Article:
Cutting through the Zoning Code: “Parking and Loading”

Parking can be one of the most contentious issues in Philadelphia. We line up at community meetings to worry over whether new buildings or new businesses will affect our ability to park within spitting distance of our homes. Heck, I even got yelled at by a neighbor because she didn’t like how I was shoveling out my (parked) car after one of last winter’s snowstorms. The snow was too close to her (parked) car, apparently. I was at fault, for shoveling, because I lived around the corner instead of right next door. I guess all (parking) politics are local.

But lest I bore you with more charming winter anecdotes, let’s move on. Chapter 14-700: Parking and Loading details the minimum and maximum parking requirements across the city, automobile access to loading areas, and how drive-through businesses can line up their customers.

First, I should note that, just like where overlays create stricter use regulations or business sizes, they can do the same with parking as well. So when evaluating the handy tables (more handy tables!) in this section, keep in mind that an overlay can tweak the parking rules. For those concerned about specific changes, it’s worth cross-checking the overlay districts.

My review here will be a bit on the short side, in no small part due to the handy tables. Some notable items:

  • No minimum parking is required for multifamily and commercial uses in the CMX-4 and CMX-5 districts. These districts, the equivalent of the current C-4 and C-5 districts, cover the vast majority of Center City between 7th Street and the Schuylkill River, and between Walnut and Vine Streets.
  • Minimum parking requirements can be reduced for mixed-use buildings. For example, if a new building combines offices and apartments, and is subject to parking minimums, its parking requirement can be reduced by 25 percent.
  • Minimum parking can also be reduced if car-share spots and bike spaces are included, and for proximity to transit nodes in transit-oriented districts. Minimum parking can be reduced up to 40 percent by including car-share spots, and up to 10 percent by including bike spaces.

The minimum parking requirements, and the ability to reduce them, point to a fundamental tension with regards to automobile parking in the city—is parking a necessity, or an amenity?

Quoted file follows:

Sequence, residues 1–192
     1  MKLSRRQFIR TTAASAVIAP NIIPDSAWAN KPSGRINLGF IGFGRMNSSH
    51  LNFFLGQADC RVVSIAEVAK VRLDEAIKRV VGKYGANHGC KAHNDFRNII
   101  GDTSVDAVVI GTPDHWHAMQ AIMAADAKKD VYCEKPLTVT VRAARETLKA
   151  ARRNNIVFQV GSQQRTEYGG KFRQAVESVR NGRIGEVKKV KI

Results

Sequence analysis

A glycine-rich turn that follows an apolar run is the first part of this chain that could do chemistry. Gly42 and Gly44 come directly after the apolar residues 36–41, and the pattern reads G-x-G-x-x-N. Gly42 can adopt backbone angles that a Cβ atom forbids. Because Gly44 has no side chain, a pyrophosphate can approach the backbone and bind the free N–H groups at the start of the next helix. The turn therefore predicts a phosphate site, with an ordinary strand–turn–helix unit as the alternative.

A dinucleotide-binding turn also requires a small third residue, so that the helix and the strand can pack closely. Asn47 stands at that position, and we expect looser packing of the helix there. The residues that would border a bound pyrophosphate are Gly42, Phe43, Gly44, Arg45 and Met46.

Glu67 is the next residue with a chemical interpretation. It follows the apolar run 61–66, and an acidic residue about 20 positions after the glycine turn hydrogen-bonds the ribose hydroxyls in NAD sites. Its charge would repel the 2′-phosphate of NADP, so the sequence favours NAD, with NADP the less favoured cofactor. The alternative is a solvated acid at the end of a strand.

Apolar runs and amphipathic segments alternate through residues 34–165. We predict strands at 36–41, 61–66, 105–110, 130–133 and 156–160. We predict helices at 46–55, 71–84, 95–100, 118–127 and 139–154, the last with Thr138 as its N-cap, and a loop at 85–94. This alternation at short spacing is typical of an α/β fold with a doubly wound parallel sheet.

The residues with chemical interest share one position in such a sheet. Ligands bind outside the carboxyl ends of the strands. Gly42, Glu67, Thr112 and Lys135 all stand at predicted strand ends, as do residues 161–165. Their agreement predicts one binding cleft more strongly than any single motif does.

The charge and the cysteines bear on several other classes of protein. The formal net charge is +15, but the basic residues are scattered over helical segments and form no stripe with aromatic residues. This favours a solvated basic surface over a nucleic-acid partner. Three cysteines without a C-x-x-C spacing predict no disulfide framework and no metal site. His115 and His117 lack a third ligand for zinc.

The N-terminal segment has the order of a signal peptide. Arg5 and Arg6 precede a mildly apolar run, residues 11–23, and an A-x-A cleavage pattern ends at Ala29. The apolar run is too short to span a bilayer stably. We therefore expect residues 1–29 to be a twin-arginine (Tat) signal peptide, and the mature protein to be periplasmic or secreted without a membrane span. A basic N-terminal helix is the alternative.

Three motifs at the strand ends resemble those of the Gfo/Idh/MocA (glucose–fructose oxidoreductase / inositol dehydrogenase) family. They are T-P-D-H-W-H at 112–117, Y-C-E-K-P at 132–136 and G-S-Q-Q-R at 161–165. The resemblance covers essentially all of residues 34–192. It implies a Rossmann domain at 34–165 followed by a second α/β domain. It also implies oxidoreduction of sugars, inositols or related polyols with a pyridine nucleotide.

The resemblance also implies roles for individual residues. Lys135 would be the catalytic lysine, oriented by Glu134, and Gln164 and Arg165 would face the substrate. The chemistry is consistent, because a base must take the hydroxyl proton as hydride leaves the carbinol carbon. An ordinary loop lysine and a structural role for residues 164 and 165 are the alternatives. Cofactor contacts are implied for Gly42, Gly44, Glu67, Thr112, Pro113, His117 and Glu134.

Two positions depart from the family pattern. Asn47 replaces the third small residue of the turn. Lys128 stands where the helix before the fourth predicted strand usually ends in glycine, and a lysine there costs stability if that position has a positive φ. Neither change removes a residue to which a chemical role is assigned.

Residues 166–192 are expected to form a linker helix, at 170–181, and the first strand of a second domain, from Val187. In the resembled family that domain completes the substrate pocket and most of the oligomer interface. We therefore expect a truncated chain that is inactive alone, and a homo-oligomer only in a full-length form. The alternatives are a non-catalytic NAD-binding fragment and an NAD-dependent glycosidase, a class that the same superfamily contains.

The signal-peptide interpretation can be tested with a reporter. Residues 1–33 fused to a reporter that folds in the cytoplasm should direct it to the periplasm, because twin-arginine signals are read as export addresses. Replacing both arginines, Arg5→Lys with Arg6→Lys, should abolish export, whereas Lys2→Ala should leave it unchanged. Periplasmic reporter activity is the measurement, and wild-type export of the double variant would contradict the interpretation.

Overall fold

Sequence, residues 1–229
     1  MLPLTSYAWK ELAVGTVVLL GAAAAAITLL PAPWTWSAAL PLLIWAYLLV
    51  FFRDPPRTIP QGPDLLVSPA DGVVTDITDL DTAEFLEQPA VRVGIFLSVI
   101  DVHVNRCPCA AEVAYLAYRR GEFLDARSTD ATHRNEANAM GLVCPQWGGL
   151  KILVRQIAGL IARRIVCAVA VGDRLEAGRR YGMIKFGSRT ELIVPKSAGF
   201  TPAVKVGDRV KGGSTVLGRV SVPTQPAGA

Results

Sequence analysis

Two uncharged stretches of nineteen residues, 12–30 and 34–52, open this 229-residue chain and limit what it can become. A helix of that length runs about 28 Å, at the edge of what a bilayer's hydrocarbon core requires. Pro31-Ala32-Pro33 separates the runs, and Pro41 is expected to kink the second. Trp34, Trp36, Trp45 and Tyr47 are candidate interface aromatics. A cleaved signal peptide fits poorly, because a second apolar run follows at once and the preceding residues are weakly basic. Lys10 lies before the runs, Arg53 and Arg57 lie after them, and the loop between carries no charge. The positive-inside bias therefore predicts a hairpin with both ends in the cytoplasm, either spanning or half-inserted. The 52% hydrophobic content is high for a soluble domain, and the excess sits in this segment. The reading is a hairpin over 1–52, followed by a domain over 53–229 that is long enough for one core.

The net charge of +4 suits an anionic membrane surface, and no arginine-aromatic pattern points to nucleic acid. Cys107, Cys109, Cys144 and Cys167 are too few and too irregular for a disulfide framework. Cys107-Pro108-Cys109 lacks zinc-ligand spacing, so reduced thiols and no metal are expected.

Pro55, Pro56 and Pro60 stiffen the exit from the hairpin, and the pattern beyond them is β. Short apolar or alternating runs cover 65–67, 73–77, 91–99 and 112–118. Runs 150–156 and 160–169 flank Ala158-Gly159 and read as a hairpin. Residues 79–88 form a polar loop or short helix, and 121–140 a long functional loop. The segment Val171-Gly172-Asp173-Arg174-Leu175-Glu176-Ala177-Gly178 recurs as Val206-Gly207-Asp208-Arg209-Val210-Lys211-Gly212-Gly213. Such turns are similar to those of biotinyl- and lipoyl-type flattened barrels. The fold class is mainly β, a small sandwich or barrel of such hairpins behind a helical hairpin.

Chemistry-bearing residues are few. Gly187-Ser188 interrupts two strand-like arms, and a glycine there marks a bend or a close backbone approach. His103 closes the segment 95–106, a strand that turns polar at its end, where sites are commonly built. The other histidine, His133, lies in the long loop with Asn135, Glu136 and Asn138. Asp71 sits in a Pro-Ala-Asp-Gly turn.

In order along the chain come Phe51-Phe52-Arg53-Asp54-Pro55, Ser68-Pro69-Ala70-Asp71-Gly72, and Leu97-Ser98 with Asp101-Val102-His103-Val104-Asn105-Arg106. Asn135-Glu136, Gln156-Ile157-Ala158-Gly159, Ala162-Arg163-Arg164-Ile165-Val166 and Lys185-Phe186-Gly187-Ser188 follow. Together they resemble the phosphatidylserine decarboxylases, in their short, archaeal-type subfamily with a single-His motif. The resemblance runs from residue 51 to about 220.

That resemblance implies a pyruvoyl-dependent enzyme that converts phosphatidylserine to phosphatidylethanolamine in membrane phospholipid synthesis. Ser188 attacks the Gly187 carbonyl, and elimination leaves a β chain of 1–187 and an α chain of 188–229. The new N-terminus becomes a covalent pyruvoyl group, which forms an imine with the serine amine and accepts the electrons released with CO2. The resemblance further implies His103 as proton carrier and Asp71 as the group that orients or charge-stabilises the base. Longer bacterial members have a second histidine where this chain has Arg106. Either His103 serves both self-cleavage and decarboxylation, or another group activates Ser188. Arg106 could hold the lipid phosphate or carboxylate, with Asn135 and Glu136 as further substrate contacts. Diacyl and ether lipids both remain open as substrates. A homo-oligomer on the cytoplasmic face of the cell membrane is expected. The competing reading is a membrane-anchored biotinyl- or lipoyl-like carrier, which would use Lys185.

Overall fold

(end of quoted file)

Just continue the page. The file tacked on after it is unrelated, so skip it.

For residents concerned with new rowhouses that have blighted certain blocks with street walls of nothing but garage doors, relief is in sight, at least for future construction. Many rowhouse districts, and districts with small apartment buildings, will not have minimum parking regardless of dwelling type. The upshot: the code will no longer force new rowhouses to include a single-car garage.

But in some pretty dense residential parts of the city, parking still must be built at a rate of one space for every two duplexes and rowhouses, and at an approximate rate of one space for every three units in a multi-dwelling building. This is in line with the code’s stated purpose of not “adversely affecting nearby land uses and neighborhoods,” insofar as it does not put additional pressure on street parking, but it also makes strong assumptions about car ownership and use in Philadelphia.

As Philadelphians have discussed the draft consolidated code, the idea that a zoning code should tell residents what they can do, rather than what they should do, has been raised more than once. In the densest parts of the city, the code has indeed eliminated the parking requirements for new buildings. But on other still quite dense blocks, the code has only reduced those requirements. Minimum parking requirements do imply that parking is a necessity, rather than an amenity. Newly added parking means that new cars, new traffic, and new pollution all will be added to the city core.

Mitigating this, slightly, are the new bike parking requirements that took effect in 2010, and which are included here. Last year, City Council passed a bill mandating that bicycle parking be provided for pretty much every structure except single-family homes and apartment building with fewer than 12 units. A handy table indicates that bike parking will be provided at a rate of approximately one spot per:

  • 10,000 square feet of floor area,
  • every three dwelling units for residential buildings of 12 or more units,
  • 20 employees in a “low occupancy facility,” or
  • 10 car spaces in public parking lots.

Not too shabby—at least some attention will continue to be paid to the increasing volume of bicycle commuters.

Still, compare RMX-3, the residential mixed-use district to which parts of Center City likely will be remapped, or CMX-3, the commercial mixed-use district to which Old City likely will be remapped. Say a developer puts up a new 24-unit condo building on such a block. Our new building would require eight new bicycle spaces—easily solved with a high-quality bike rack that can sit on the sidewalk in front of the building. Our new building would also require an equal number of off-street parking spaces, bringing eight new cars to one of the most congested streets in the city.

The elimination of parking requirements for the CMX-4 and CMX-5 districts, where large-scale development will most likely occur, is a huge step forward in recognizing that Philadelphia has incredible public transit resources that can, and perhaps should, shape development. But with Philadelphia parking, the devil will be in the details that quickly change, much as the city does, block by block.

What does parking mean to you? Take a look at the tables and email me:

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